Born Mary Theresa Fitzgerald July 5, 1961, in Redwood City, California, Green Queen is a 21st Century Artist and Activist. She originates the term "Modern Native" to describe her work.
The artist’s heritage is half Swiss and half Irish. She was the youngest child of five children born to John Martin Fitzgerald, an auditor of the Union Carbide Corporation, and Bertha Louise Fitzgerald, a lifelong artist. She grew up in a strict Catholic family attending St. Lawrence Martyr School in Redondo Beach, California from 1966-1975. As a child she loved art, bodysurfing, and volleyball. She attended South High in Redondo Beach from 1975-1976, then moved to Novato, California 1976-1979 and 1981-1982, graduating from UCSB in 1985.
The artist studied with Wally Hedrick and Scott Chamberlin at Indian Valley College in Novato, California and studied art and dance at Dominican College, San Raphael, California. The drawings in her collection are from her Life Drawing classes at Dominican College, and casual classes with artists in Malibu, California. She completed her studies at the University of California at Santa Barbara, studying with Graham Budgett, and graduated UCSB in 1985 with a Bachelor of Art, Liberal Studies; focusing her studies on Art, English, and Political Science.
Influenced by and accepting the idea put forth by her instructor Graham Budgett, “Life is Art”, and “Beauty is Truth” she continued her art by leading a vibrant life. in 1986 she married, took the name Mary Fitzgerald Altmann, moved to a rural community, and became a stay at home mother of three children, helping her then husband Jim Altmann with his general contracting business. During this time, protecting the environment where she lived in Malibou Lakeside, California, in the Santa Monica Mountains, took precedence outside of her family life. She successfully staved off rampant development becoming a force of reason, and taught herself environmental law defending the earth.
Believing God is the best artist, Green Queen became acutely aware of saving natural habitat around her home near Los Angeles, which was being hit by proposals of crippling urban sprawl. The artist staged peaceful, creative environmental protests including dance and visual art, and produced a commercial to Save Ahmanson Ranch which aired on cable television. In 1996, she founded S.E.E. ("Social and Environmental Entreprenuers") Save Ahmanson Ranch and created an Art show entitled “Artists Change the world by Saving Ahmanson Ranch”. She founded the first “EWALA” (Earth Water Air Los Angeles) 1997, a four day trek linking Ahmanson Ranch with the Ballona Wetlands, which contributed to the preservation of Ahmanson Ranch (now called Upper Las Virgenes Canyon Open Space Preserve) and approximately 70% of the Ballona Wetlands. As Director of the Resource Conservation District of the Santa Monica Mountains (1994-1998), the artist drafted a compilation of zoning and grading laws from other districts in California, and submitted them to Los Angeles County Regional Planning, which led to the creation of the North Area Plan, limiting irresponsible development.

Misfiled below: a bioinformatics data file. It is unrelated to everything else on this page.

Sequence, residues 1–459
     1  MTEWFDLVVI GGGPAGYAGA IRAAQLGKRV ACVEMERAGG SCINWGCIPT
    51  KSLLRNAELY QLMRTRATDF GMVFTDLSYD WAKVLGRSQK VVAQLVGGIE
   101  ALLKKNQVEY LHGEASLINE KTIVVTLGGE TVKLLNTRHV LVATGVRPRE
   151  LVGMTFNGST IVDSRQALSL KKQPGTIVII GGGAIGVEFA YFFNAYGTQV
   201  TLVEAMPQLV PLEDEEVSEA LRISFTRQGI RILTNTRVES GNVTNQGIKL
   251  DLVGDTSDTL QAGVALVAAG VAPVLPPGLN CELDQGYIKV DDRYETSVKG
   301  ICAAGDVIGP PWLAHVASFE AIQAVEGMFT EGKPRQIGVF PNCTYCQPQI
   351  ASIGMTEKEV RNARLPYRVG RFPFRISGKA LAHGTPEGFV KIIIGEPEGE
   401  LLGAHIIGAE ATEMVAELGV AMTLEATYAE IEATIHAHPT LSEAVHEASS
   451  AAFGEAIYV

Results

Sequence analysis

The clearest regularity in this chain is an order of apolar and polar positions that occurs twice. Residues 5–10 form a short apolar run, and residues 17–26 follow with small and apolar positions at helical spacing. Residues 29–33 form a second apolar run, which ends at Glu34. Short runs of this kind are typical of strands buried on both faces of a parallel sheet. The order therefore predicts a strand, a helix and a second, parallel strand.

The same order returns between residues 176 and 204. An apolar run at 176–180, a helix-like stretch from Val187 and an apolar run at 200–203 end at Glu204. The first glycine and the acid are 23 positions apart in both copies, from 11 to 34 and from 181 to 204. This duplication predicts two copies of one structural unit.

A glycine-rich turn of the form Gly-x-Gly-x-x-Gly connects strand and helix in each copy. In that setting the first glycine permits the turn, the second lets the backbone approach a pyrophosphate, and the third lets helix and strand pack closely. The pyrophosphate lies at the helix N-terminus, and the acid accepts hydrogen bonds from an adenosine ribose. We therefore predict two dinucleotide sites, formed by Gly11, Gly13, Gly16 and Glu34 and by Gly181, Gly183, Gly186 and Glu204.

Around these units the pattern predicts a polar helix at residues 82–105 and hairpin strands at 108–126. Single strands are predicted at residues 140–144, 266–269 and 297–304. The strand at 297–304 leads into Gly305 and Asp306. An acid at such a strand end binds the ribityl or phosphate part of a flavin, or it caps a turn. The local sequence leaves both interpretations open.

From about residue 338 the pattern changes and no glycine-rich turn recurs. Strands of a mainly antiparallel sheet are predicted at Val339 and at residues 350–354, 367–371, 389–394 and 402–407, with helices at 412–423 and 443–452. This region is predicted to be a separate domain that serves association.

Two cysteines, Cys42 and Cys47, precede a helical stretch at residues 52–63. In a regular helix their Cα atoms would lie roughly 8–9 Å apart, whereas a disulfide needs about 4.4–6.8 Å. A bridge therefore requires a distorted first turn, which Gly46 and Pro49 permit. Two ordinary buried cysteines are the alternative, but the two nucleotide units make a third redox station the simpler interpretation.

Teaching herself environmental law, the artist successfully won a Private Attorney General lawsuit in Mary
Altmann v. The City of Agoura Hills City Council (BS104251) which prevented thousands of square feet of commercial and residential development from moving forward without a plan to conserve endangered species.
Green Queen’s signature works are “Freedom”, a series of 26 paintings created in 1996 using wood, glue, acrylic paint, and projector film. Art influences include Native American cave painting, Marc Chagall, and Vincent Van Gogh among others. Parts of the projector film used to define the space are gradually deteriorating over time in planned entropy, similar to the ego. Her goal is to assist in ushering in a Matriachal Society and being a significant Art Influence of the 21st Century.